"I never would have recognized you," he says, and in that instant, like a shift from blurred to sharp, I get him. Exactly. Under the mop of grandmother hair I apprehend the features of the vigorous, thirty-year-old man I once knew. This is him, the guy who taught me about Buckminster Fuller and geodesic domes. This is the guy who took me glacier sliding. It was the summer after seventh grade, on a raft trip. He led a group of us campers into some Wyoming peaks and we came across a huge glacier and he said to all the boys: "OK, OK, climb up and slide down!" Everyone was terrified. Nobody moved, and Bob whispered into my ear: "I know you can do it." And I just turned and climbed and climbed. It must have been a quarter-mile long, this thing. I got to the top and tied my jacket around my butt and all the other guys linked arms at the bottom of the glacier to keep me from slamming into the rocks. It was insane. I screamed the whole way down and they caught me! I was king for a day. Brave, for once. This is the guy who woke me late one night at the mountain ranch and said: "Hey, come with me, Marty, you gotta see this." He grabbed a lantern and took me to the barn. The vet had come in the middle of the night to help deliver a calf. Bob and the vet had their arms all up in there because the cow was in trouble and suddenly this rickety-legged creature covered with goop and blood came out. Lying there on the barn floor ... alive! And Bob turned to me and smiled and I felt so lucky to be there, to see something so real.
"I don't want to interrupt your lunch," I tell him.
"No, no. It's OK."
He keeps blinking at me through these large, gold-framed glasses. I think of moving in to shake his hand but that seems ridiculous and we're in a freeze like, what? Victim facing perpetrator? Or like estranged ex's. Ex-altar boy, ex-almost seminarian, ex-friends? enemies? lovers? I don't know. Definitions fail, bleed one into the other. I watch him lay his fork on a paper napkin and I ask,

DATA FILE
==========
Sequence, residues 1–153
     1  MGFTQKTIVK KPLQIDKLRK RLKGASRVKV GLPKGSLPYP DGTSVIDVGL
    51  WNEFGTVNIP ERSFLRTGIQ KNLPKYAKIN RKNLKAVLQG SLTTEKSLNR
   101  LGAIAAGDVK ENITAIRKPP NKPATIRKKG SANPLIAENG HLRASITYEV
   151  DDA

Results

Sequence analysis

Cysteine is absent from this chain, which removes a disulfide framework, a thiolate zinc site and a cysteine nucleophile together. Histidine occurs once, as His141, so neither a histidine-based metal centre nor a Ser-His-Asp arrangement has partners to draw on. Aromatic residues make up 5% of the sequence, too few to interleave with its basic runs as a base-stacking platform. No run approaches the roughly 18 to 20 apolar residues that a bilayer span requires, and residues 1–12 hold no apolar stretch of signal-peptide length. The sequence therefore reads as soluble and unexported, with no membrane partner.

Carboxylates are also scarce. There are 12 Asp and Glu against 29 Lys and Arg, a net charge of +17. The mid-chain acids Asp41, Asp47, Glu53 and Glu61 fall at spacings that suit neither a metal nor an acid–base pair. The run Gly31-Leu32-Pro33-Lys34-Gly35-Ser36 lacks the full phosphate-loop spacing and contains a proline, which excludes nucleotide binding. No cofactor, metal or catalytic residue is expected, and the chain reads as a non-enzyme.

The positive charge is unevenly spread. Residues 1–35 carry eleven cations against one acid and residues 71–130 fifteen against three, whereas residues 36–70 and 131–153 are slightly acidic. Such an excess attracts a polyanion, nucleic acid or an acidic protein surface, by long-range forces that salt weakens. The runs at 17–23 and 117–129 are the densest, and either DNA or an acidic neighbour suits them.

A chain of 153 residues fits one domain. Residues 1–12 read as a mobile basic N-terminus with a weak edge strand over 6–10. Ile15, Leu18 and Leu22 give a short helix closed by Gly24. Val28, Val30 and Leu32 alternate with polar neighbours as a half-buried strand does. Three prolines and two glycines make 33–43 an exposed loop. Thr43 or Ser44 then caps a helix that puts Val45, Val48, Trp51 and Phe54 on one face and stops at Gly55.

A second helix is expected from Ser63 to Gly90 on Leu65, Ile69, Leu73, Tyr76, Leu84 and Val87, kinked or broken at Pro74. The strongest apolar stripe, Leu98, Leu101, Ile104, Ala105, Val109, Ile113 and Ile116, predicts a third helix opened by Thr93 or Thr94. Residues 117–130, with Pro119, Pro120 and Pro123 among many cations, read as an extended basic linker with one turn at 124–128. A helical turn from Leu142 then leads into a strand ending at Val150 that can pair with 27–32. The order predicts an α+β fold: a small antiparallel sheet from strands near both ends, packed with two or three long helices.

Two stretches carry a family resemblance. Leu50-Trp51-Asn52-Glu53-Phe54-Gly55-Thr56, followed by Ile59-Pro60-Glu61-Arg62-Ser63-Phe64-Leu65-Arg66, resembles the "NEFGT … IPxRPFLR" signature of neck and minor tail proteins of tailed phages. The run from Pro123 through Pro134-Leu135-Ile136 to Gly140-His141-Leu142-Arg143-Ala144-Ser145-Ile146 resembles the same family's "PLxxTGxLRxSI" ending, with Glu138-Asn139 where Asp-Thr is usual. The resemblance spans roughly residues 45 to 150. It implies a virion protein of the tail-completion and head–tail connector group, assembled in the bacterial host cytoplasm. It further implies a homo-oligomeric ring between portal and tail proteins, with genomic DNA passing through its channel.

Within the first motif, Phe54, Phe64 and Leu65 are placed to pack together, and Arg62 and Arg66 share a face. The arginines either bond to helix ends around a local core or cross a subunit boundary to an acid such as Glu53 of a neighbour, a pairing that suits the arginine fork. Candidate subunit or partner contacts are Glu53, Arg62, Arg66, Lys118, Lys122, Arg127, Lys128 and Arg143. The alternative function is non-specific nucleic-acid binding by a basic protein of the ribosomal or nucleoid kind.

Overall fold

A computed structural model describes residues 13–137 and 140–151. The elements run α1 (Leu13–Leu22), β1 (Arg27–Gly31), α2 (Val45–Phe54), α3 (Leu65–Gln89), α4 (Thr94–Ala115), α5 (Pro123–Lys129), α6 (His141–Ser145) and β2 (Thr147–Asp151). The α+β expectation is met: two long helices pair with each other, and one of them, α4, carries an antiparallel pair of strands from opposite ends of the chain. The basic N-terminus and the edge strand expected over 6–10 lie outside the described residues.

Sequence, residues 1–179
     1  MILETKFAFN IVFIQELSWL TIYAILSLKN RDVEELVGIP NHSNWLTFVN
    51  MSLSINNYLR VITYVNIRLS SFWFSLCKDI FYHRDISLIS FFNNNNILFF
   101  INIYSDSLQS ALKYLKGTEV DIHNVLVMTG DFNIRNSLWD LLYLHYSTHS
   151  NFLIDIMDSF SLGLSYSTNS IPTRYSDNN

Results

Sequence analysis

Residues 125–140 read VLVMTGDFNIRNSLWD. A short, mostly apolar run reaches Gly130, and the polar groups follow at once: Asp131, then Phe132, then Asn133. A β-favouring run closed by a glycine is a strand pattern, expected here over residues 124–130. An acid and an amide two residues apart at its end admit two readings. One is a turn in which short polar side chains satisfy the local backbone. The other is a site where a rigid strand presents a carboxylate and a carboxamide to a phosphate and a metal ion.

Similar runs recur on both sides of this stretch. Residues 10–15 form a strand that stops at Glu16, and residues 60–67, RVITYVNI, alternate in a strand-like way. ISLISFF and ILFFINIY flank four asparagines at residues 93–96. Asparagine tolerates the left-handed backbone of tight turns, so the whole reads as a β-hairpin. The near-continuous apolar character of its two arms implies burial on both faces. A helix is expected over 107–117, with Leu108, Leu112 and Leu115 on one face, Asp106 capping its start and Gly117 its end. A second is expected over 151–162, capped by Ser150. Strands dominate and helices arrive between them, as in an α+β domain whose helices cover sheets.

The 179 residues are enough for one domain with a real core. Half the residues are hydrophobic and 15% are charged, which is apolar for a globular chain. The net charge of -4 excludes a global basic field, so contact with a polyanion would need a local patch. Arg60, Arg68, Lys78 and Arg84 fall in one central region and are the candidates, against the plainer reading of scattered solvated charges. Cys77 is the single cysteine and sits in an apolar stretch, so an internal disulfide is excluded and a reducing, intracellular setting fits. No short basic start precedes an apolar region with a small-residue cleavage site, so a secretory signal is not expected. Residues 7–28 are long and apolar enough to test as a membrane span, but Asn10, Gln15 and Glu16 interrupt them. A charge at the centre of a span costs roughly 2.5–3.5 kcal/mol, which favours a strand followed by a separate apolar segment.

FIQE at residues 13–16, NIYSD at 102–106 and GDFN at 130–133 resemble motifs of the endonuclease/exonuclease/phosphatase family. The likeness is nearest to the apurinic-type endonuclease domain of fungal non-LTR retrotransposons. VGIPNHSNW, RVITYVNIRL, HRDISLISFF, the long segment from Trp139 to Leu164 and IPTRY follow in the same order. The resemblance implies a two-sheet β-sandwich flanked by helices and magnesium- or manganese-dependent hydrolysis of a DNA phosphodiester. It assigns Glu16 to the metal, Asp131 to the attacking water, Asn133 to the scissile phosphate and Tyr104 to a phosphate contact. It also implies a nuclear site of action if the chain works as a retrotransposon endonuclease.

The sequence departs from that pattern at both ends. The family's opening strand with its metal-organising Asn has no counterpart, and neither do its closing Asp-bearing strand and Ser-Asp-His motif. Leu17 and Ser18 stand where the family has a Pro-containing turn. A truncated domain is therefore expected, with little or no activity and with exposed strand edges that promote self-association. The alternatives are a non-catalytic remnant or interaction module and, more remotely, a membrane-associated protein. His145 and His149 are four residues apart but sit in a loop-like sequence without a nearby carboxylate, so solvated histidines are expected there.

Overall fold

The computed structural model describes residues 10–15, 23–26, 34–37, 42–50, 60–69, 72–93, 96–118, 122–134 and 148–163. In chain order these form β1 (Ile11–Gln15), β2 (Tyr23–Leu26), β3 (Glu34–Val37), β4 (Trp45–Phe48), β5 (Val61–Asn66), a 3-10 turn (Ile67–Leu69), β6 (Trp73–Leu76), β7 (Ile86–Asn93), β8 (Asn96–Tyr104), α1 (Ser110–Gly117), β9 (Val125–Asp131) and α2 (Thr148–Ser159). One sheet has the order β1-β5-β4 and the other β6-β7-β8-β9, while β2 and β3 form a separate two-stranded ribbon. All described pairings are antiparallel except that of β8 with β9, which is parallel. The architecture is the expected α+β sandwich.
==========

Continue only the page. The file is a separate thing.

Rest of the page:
"How are you?"
"You're catching me at a pretty down time." His eyes are green, he's looking right at me but there's not a glimmer in there and I think: Jeez, the light's been bludgeoned out of this guy or maybe he's on something-antipain, antidepressant.
"What happened?" I point to his right foot, which is enormous, wrapped in white gauze up to the knee like the limb of a mummy.
"Oh, bad infection. They had to amputate a little."
"Ah, well," he says. "Stepped on a stupid screw in the driveway. Life." He shrugs, chuckles. "I've got diabetes. You remember how I liked my Coca-Cola."
"Yep. I do." I glance toward the hall, wanting to move outside, somewhere private.
"You look good," he says. "Your dad had quite a belly by your age."
I'm thrown at his mention, his memory, of my father, who he met, I think, maybe twice. I start chattering.
"Well, I'm an actor and the work's very physical, keeps me fit." In my skull I feel the buzz of words and how they're utterly weightless and how it's our bodies that are grave somehow, communicating, catching up. For my bones the whole experience isn't thirty years away but three feet.
"I see," he says. "You work in the theater, then?"